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Crop values drop for second straight year
Crop Report Infobox

The Stanislaus County Agricultural Report released Sept. 26 revealed that the value of agricultural commodities in the region continued to drop in 2016, with impacts from the drought and other factors contributing to a decrease of $618 million in crop value for county growers.

The substantial drop in value of crops produced in 2016 comes after a 2015 growing year which suffered a $518 million decrease, just one year after county growers saw record-breaking numbers in 2014. From 2014 to 2015, the total commodity value dropped 12 percent, and from 2015 to 2016, value fell 16 percent. Total commodity value in 2016 was shown in the report to be $3.3 billion, compared to $4.4 billion in 2014 - an all-time high.

The decrease in the total commodity value for crops grown in Stanislaus County was most likely caused by a number of issues, said Agricultural Commissioner Milton O'Haire, including the drought and a drop in the values of multiple crops, like almond meats, cattle and calves, silage, milk and walnuts. The lack of water throughout the county and low-priced crops resulted in a reduction of yields for many commodities, he said.

"I'd like to emphasize that these are gross values, this is what the growers are paid. This doesn't account for any production costs or profits," said O'Haire. "Despite an uptick in harvested acres, residual impacts from the five-year drought affected yields of some of the commodities."

Despite holding the number one spot as the county's top crop, almonds posted the largest value decrease, dropping $366 million from 2015 to 2016. Almonds were ranked as the top crop in 2015 as well, but with a total value of $1.3 billion. This year, the crop dropped below the $1 billion mark with $931 million in total value.

Agricultural Inspector Richard Homer, who helped compile statistical data for the report, said that despite a record-breaking number of almond acres in Stanislaus County in 2016, reduced prices for almond meats (a drop of $2,460 per ton), hulls (dropped from $130 to $60 per ton) and shells (dropped from $25 to $5 per ton) resulted in a drop in value for the crop.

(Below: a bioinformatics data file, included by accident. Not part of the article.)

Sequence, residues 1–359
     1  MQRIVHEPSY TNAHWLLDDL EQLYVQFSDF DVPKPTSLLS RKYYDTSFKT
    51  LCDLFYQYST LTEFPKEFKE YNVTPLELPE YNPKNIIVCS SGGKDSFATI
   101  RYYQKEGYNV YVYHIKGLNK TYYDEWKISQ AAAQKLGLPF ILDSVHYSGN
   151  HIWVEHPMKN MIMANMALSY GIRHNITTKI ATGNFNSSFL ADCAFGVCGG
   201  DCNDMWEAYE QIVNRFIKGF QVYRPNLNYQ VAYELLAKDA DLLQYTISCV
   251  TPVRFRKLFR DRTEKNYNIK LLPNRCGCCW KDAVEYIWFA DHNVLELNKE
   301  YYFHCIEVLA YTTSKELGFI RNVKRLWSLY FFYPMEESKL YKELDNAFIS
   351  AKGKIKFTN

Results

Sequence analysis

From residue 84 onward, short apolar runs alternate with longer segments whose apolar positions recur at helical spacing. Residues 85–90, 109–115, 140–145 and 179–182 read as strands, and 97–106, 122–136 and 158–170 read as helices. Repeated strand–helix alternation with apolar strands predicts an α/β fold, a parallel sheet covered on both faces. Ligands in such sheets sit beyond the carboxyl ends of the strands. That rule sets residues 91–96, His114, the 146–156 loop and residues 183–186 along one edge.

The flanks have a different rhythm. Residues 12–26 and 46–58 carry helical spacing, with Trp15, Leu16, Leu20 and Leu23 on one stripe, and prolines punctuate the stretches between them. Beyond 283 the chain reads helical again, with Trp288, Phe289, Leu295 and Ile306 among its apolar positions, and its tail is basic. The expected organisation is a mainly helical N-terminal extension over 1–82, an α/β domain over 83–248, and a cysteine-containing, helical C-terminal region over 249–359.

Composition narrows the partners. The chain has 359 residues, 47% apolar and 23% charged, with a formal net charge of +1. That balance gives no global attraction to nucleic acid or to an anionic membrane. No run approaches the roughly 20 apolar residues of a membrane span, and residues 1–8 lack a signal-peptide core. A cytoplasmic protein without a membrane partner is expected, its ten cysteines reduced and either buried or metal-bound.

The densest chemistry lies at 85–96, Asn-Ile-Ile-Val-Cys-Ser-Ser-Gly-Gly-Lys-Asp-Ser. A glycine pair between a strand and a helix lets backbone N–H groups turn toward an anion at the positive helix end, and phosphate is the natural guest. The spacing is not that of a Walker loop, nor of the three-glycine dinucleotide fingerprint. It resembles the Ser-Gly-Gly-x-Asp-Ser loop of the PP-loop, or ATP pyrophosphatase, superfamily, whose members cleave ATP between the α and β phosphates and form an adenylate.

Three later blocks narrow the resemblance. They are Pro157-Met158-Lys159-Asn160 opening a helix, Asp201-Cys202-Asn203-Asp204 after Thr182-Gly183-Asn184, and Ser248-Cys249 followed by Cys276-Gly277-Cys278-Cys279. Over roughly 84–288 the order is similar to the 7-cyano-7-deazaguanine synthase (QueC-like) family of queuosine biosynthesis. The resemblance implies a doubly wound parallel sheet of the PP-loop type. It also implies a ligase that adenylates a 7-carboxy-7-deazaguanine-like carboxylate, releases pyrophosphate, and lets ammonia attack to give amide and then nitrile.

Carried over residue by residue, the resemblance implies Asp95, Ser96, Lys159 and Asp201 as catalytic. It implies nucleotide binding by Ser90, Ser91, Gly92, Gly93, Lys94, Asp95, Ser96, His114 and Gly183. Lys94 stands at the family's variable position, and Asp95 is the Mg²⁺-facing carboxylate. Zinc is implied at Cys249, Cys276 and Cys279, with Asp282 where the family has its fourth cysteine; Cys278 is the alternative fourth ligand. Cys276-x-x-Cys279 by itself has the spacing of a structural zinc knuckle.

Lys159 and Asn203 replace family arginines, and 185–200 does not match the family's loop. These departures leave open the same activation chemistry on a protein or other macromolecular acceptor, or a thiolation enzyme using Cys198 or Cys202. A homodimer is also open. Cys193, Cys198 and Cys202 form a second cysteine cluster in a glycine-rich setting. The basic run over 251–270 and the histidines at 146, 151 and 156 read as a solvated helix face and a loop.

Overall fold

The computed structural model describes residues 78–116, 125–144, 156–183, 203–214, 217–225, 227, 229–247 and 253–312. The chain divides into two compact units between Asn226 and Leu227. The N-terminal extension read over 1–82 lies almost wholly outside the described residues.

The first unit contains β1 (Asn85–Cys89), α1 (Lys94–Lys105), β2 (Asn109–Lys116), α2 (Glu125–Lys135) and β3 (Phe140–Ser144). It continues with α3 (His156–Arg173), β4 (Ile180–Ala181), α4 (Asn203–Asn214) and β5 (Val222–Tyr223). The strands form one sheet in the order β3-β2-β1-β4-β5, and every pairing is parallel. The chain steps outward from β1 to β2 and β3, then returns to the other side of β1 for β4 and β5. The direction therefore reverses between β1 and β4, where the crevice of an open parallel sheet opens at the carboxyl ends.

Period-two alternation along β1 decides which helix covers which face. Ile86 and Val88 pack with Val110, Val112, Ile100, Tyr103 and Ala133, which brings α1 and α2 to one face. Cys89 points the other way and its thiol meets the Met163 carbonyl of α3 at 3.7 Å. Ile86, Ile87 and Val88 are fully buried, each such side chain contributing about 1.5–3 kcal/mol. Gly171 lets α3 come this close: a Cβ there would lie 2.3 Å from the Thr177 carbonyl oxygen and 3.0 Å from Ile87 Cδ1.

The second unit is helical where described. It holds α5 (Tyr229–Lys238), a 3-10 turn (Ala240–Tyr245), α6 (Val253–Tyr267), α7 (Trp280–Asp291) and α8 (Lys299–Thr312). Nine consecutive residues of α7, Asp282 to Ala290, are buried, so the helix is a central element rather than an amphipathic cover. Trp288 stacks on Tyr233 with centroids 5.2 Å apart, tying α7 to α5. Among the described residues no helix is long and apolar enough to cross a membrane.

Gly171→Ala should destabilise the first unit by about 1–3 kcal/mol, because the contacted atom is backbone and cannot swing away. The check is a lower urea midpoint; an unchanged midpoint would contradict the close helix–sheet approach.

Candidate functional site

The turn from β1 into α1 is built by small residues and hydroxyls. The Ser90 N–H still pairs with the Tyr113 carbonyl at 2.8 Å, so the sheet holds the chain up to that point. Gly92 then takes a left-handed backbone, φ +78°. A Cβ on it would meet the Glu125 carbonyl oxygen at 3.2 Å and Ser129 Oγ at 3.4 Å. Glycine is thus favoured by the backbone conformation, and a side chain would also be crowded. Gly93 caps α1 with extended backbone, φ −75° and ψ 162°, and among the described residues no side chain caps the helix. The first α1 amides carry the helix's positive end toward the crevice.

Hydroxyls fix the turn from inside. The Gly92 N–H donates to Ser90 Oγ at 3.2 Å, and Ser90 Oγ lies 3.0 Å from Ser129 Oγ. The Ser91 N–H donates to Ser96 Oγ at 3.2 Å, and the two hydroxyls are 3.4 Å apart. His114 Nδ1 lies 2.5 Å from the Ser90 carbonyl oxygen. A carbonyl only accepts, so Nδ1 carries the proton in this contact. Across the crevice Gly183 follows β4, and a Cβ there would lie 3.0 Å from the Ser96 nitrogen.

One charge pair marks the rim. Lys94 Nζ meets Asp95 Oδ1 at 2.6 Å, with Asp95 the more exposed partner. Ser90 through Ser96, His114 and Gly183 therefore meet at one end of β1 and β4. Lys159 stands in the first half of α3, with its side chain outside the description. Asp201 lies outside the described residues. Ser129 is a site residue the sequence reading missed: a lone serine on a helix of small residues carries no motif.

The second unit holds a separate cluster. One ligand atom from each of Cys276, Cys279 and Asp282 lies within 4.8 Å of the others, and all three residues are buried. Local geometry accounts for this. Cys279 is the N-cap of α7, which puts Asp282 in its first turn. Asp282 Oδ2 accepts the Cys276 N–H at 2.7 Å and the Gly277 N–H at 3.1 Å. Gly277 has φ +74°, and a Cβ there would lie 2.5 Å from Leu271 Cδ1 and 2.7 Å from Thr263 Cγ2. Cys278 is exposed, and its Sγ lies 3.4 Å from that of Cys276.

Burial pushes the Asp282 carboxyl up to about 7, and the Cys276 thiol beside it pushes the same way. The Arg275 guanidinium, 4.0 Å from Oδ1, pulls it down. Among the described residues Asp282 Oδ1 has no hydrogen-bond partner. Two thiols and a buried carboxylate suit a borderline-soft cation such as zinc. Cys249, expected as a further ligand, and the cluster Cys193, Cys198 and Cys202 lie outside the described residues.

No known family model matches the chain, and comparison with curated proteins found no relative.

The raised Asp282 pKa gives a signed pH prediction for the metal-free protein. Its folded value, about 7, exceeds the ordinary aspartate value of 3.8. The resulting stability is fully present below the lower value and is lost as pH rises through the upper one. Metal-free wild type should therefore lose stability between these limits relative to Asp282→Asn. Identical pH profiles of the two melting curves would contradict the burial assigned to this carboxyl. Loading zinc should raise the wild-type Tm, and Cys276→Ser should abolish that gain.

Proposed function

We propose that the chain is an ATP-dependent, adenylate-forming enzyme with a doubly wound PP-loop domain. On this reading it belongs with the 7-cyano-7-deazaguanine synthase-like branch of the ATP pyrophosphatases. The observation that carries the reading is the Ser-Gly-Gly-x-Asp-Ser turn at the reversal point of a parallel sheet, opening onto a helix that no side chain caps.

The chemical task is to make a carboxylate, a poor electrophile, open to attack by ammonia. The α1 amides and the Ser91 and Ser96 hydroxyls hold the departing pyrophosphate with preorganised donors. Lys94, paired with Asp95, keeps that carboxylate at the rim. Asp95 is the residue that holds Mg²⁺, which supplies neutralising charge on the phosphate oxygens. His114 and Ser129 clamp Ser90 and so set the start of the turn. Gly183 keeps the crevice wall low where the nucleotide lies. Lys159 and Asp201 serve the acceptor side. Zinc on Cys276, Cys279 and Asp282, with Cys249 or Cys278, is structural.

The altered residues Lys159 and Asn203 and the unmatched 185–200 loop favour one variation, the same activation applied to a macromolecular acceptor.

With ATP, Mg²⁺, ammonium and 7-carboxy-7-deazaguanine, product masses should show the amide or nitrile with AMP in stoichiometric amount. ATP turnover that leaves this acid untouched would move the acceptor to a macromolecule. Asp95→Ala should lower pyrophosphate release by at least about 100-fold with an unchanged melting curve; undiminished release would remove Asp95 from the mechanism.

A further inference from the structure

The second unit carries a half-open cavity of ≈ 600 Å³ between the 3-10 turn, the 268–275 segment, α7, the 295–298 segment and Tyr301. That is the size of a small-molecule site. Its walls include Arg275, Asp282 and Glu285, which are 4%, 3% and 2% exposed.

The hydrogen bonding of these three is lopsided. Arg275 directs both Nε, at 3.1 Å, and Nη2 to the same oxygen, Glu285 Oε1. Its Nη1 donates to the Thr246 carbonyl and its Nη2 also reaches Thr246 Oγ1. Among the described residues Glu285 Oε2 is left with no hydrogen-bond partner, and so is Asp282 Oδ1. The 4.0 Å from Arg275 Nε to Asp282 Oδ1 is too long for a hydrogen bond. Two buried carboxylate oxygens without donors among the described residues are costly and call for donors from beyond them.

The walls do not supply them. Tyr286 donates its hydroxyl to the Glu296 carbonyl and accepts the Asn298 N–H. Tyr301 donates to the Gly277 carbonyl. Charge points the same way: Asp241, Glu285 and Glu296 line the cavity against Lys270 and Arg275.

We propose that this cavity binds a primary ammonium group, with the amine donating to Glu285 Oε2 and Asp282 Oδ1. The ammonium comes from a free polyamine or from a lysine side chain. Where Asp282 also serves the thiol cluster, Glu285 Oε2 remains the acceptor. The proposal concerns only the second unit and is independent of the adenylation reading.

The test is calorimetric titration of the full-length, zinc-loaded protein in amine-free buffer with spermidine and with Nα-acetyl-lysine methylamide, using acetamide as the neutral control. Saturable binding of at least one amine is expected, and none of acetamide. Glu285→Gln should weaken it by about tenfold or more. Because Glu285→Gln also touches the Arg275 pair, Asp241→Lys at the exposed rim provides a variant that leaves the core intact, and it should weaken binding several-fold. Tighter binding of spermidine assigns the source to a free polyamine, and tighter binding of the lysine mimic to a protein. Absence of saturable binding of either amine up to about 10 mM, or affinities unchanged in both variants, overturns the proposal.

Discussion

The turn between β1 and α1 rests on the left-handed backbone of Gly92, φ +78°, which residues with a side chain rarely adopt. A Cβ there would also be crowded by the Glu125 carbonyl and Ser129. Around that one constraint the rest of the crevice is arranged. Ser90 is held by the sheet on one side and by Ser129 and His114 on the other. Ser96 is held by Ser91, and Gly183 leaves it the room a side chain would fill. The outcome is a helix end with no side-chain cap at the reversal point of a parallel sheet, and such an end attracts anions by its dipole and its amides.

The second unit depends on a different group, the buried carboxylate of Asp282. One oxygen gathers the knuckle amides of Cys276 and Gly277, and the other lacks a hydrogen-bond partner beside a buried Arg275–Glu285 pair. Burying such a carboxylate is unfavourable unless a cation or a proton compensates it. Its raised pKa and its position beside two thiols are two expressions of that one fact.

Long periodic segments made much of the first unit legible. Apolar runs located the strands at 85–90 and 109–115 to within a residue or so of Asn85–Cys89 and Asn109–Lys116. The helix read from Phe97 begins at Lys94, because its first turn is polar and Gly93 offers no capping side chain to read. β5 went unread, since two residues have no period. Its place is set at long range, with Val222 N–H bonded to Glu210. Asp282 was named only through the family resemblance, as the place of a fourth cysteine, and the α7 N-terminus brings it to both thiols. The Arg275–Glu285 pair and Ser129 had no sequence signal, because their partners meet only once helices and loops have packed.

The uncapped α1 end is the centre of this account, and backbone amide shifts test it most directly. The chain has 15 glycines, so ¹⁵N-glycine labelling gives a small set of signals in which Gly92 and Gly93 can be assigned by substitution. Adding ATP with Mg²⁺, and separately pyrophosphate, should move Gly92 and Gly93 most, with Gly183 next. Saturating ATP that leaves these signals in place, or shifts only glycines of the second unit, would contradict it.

"Some companies were giving away their shells to clear their inventory," said Homer.

Cattle and calves came in behind almonds as the commodity with the second-greatest drop in value, falling $104 million and going from the number three crop in 2015 to number four in 2016. The drop in cattle and calves' value was the result of dramatically reduced prices for cattle from 2015 to 2016, said Homer.

For the third straight year, walnuts fell down the list of the county's top crops, going from fifth to sixth and dropping in value by $37 million. This year, walnuts were surpassed by nursery fruit trees, nut trees and vines on the list. In 2015, chickens went ahead of walnuts on the list and in 2014, they were exceeded by cattle and calves.

"The total amount of walnut acres increased, along with yield, but prices dropped by $695 a ton," said Homer.

Other agricultural commodities that experienced a drop in value in 2016 were silage at $46 million due to decreased prices, chickens at $9 million due to a drop in production by nearly a million birds and a slight decrease in price per bird and milk at $36 million due to a small drop in production and decreased prices in all milk categories.

Four of the top 10 crops saw an increase in value, including almond pollinations, which increased by $2 million thanks to an increase in almond acres and slight increase in hive cost, peaches at $11 million, turkeys at $8 million, with the total amount of birds sold increasing by over 200,000 birds, and nursery fruit trees, nut trees and vines, which increased by $36 million.

"The number of units sold increased by over three million trees and vines," said Homer. "This shows that farmers are continuing to plan crops for agriculture's future."

According to Homer, the top 10 crops in Stanislaus County alone represent 83 percent of the county's total crop values. When the top crops are added to the other 210 crops that are grown throughout the county, Stanislaus County ranks higher than 18 states, beating places like New Mexico and Louisiana in agricultural value.

"Just our top 10 crops' value, $2.7 billion, would beat 16 other states," said Homer.

To view the 2016 Stanislaus County Agricultural Report, visit